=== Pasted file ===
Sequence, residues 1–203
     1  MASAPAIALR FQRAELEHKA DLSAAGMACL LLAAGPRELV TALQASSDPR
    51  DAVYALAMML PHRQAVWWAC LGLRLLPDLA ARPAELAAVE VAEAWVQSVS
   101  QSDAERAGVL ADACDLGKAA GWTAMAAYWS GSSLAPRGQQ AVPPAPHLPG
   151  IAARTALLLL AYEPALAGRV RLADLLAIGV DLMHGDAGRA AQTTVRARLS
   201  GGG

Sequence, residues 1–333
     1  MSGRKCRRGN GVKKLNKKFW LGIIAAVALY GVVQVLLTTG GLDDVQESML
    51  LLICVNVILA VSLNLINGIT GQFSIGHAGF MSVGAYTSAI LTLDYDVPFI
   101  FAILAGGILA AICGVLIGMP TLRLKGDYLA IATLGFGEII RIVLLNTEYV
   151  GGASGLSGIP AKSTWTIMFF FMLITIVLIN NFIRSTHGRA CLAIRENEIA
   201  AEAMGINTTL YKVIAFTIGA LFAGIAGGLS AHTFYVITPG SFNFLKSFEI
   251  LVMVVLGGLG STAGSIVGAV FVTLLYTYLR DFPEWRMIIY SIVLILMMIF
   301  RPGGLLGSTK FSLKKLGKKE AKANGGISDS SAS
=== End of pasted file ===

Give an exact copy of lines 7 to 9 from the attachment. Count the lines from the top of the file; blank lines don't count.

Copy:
Sequence, residues 1–333
     1  MSGRKCRRGN GVKKLNKKFW LGIIAAVALY GVVQVLLTTG GLDDVQESML
    51  LLICVNVILA VSLNLINGIT GQFSIGHAGF MSVGAYTSAI LTLDYDVPFI